Cpl. Tammy Hollingsworth and Insp. Sukhjit Manj were suspended from the RCMP in September 2017. Hollingsworth has filed a lawsuit against the RCMP for malicious prosecution after she was cleared of wrongdoing in a conduct hearing. (Manj family)

Cpl. Tammy Hollingsworth and Insp. Sukhjit Manj were suspended from the RCMP in September 2017. Hollingsworth has filed a lawsuit against the RCMP for malicious prosecution after she was cleared of wrongdoing in a conduct hearing. (Manj family)

B.C. RCMP officer suing the force for malicious prosecution

Cpl. Tammy Hollingsworth cleared of wrongdoing after misconduct hearing

A Chilliwack RCMP officer is suing the police force for malicious prosecution after she was cleared of wrongdoing in a conduct hearing.

Cpl. Tammy Hollingsworth faced five allegations after a domestic violence incident involving another RCMP officer and his estranged spouse, a woman who was Hollingsworth’s friend.

Leading up to an alleged incident on July 20, 2016, Hollingsworth was accused of abusing her position and conspiring with members of the public and her husband, Inspector Sukhjit (Suki) Manj, to find out intimate details of the private life of the male officer accused of the domestic assault.

• RELATED: Ottawa fights planned class action against RCMP for bullying, intimidation

• RELATED: Second $100M settlement reached in RCMP sexual harassment class action

“It was also alleged that Cpl. Hollingsworth failed to address the alleged victim’s genuine fear that her estranged husband, a member, would attend her residence following the incident,” according to the RCMP conduct hearing decision written by retired Mountie Kevin L. Harrison.

Following the hearing, which was held in September 2018, Harrison found none of the five allegations made against Hollingsworth were established.

Both Hollingsworth and Manj were stationed in Lloydminster, Saskatchewan from 2014 to July 2016, including at the time of the incident. It was after that when they were transferred back to B.C., where they are from, because of Manj’s handling of the relationship between a police services dog handler, and a civilian RCMP employee.

The woman denied the relationship, but the RCMP has since admitted it did happen.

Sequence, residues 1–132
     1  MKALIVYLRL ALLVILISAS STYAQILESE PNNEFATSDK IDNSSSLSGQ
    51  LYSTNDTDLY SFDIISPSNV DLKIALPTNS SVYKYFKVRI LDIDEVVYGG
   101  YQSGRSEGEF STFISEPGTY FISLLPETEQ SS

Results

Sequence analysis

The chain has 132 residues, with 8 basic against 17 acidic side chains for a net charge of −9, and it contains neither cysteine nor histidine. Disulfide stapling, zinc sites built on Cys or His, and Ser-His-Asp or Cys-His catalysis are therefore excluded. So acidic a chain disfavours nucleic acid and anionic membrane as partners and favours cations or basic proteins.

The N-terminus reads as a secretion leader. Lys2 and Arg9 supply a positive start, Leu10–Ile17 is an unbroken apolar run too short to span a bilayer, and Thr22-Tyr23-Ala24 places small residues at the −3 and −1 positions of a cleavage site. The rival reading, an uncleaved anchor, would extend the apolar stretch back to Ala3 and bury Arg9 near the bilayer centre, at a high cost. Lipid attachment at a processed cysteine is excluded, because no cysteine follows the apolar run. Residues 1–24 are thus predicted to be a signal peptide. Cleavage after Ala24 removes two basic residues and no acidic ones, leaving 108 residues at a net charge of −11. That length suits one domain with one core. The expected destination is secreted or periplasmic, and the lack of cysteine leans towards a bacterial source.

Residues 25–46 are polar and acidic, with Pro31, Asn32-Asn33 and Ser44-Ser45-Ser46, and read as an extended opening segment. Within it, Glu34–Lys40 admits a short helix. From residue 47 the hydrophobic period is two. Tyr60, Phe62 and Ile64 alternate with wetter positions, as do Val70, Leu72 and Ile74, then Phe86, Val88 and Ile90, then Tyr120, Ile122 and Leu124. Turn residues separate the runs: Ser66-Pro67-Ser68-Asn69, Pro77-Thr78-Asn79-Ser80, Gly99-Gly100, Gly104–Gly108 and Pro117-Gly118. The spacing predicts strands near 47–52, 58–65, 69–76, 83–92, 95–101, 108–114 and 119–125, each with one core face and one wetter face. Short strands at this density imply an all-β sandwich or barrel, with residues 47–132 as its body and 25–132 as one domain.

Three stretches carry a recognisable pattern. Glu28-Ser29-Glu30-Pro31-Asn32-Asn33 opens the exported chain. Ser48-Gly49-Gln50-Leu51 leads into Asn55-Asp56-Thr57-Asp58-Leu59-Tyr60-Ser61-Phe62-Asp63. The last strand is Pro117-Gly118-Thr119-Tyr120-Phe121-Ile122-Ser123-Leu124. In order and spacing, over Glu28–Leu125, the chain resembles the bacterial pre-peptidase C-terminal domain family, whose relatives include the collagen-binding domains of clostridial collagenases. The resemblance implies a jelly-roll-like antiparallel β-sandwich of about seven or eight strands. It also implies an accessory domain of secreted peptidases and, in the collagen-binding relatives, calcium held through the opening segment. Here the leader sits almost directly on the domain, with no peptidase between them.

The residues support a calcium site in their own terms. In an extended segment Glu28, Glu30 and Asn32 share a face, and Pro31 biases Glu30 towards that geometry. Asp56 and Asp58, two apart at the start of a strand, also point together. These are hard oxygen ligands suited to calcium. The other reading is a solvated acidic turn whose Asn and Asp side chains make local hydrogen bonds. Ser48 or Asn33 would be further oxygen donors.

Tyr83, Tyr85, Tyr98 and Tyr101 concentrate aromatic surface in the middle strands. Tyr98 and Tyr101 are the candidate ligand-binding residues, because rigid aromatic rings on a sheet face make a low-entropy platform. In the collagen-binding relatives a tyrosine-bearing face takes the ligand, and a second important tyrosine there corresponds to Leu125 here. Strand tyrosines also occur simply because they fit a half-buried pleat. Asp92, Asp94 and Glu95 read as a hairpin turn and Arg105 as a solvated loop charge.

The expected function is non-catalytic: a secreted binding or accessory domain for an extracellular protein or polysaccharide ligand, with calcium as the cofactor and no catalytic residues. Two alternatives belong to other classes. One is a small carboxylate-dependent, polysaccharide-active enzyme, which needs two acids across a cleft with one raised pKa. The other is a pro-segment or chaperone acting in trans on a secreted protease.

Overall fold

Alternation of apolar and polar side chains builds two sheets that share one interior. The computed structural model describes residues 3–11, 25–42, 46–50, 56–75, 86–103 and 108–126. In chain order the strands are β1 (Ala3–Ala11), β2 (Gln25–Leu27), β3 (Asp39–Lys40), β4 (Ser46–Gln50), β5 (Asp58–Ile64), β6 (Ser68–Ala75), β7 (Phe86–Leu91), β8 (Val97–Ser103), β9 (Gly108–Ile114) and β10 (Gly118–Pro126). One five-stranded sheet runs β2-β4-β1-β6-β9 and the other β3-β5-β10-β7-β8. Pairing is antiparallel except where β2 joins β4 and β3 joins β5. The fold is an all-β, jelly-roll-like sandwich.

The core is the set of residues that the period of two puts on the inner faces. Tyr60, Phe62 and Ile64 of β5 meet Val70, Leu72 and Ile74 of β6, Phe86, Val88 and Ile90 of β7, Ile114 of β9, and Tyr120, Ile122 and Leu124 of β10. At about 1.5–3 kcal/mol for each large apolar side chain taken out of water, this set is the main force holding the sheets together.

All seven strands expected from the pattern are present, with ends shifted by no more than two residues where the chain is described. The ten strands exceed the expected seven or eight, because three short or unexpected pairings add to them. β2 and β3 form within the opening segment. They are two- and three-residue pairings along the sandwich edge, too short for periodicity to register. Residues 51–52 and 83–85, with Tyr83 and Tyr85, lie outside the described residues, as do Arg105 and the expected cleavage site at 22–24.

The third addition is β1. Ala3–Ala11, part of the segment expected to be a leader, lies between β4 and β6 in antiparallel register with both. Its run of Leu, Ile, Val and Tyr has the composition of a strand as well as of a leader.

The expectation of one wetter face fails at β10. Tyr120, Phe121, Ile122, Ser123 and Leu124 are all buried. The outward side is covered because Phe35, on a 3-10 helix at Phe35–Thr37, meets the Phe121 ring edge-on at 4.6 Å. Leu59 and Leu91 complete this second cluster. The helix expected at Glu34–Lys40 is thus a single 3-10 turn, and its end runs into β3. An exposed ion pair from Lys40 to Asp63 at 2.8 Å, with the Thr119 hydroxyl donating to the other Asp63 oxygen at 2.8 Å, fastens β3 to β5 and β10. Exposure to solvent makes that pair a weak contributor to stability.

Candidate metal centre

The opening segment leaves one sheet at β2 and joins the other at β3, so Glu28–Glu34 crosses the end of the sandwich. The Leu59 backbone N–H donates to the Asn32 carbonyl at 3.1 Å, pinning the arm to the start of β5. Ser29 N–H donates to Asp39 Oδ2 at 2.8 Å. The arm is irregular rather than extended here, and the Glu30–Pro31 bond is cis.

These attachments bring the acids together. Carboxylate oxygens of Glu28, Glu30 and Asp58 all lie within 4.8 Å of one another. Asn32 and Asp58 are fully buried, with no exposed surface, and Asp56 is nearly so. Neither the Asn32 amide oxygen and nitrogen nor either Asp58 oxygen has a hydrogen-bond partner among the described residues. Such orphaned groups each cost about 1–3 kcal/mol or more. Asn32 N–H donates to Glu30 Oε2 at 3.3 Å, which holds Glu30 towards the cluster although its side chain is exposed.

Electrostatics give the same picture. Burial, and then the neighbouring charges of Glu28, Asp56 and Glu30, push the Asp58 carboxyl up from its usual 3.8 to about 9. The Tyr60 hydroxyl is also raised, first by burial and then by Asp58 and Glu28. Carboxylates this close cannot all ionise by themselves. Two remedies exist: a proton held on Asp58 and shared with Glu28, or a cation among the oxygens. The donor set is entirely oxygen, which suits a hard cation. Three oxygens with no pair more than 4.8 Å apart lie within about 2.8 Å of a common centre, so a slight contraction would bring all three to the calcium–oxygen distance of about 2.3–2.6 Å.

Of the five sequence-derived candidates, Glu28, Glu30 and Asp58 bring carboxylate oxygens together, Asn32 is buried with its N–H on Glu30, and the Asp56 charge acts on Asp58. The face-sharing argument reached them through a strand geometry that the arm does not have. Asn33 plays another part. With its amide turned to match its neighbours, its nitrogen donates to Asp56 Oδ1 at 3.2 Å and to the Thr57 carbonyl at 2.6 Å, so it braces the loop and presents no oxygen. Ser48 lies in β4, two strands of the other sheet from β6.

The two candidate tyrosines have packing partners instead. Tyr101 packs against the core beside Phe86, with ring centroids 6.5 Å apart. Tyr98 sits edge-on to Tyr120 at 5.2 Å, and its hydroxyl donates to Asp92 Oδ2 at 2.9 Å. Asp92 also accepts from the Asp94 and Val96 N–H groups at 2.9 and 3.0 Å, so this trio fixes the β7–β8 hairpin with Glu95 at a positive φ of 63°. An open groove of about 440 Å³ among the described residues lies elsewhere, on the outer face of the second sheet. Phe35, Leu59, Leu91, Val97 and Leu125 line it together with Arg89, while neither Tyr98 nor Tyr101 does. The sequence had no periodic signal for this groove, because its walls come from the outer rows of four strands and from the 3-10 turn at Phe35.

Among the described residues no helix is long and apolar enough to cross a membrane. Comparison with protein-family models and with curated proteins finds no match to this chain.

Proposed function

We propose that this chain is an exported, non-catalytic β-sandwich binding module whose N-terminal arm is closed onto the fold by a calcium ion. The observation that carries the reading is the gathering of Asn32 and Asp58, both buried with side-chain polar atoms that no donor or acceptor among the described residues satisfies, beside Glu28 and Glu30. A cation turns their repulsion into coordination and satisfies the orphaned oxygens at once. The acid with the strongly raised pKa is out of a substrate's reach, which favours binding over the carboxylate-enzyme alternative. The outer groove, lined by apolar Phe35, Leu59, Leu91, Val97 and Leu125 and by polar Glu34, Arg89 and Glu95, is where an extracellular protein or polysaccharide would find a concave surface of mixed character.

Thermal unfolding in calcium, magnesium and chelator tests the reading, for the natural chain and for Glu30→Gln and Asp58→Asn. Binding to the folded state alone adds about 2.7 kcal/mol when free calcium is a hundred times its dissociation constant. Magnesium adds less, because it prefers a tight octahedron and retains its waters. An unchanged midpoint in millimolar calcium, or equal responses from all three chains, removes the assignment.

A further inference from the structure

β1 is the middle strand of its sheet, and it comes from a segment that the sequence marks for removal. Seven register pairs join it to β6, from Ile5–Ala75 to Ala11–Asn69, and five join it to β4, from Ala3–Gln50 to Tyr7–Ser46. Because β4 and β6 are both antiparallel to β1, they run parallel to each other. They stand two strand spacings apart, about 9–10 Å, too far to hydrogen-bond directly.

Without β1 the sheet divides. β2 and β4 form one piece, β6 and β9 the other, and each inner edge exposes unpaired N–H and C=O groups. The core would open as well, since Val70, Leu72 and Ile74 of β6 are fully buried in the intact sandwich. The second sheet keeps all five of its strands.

Manj deemed the relationship to be inappropriate as he felt it violated RCMP workplace policy, but his bosses told him to drop it. After the matter was investigated, both Manj and Hollingsworth were suspended by the RCMP in September 2017 and conduct hearings were initiated.

The Progress reached out to Manj with an interview request earlier this week, but neither he nor Hollingsworth responded by Oct. 17 at noon.

In an interview with the CBC, Hollingsworth said she lived by the core values of the RCMP, so to be accused of lying was “mortifying.”

The incident and the weeks leading up to it involved the breakdown of friendships among various couples, including the dog handler and his former spouse, Hollingsworth’s close friend.

Hollingsworth was accused of trying to find out intimate details of the dog handler’s “friendship” with a female municipal employee who also worked at the Lloydminster detachment where Manj was the officer in charge.

In his decision, Harrison found Hollingsworth’s superior made a series of “quantum leaps” about the intentions of Hollingsworth’s behaviour. Harrison described how the rumoured relationship between the dog handler and the employee would have like emerged anyway because Lloydminster is not a large community, and matters of infidelity tend to get talked about in small towns.

“RCMP members are high-profile members of small communities,” Harrison wrote. “Therefore, they are often in the public gaze. So, any hint of infidelity involving an RCMP member in the community would be a rather juicy topic for rumours and gossip. Additionally, RCMP members themselves are notorious gossips.”

Assessing the credibility of those who testified at the hearing, both Hollingsworth and Manj were deemed to be credible, while the credibility of some others was questioned.

On a more serious accusation against Hollingsworth, that she failed to be diligent in protecting the alleged victim from the alleged domestic assault, Harrison found that she had no reason to think violence would occur given that the dog handler is a police officer, trained to defuse, not escalate, a volatile situation.

Hollingsworth filed her lawsuit on Oct. 11. The force has not yet responded.


@PeeJayAitch
paul.henderson@theprogress.com